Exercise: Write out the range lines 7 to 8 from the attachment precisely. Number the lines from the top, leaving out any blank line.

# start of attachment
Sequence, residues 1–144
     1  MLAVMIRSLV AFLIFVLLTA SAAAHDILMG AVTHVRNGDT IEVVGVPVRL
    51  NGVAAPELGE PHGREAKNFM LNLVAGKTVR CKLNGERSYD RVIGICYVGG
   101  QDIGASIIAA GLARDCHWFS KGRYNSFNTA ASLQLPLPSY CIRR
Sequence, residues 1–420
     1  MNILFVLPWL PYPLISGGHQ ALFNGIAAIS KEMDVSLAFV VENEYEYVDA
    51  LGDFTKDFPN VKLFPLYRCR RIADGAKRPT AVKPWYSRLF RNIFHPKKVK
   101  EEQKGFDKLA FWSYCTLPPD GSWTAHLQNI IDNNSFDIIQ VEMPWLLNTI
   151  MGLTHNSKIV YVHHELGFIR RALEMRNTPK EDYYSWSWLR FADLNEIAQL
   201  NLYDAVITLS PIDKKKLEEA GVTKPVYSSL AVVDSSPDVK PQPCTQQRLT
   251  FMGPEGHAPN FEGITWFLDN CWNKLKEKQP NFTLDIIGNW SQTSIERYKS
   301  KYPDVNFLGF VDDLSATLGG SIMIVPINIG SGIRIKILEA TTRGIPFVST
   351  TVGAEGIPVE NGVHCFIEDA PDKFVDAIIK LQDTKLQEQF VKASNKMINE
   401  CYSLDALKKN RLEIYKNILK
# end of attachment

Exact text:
    51  LGDFTKDFPN VKLFPLYRCR RIADGAKRPT AVKPWYSRLF RNIFHPKKVK
   101  EEQKGFDKLA FWSYCTLPPD GSWTAHLQNI IDNNSFDIIQ VEMPWLLNTI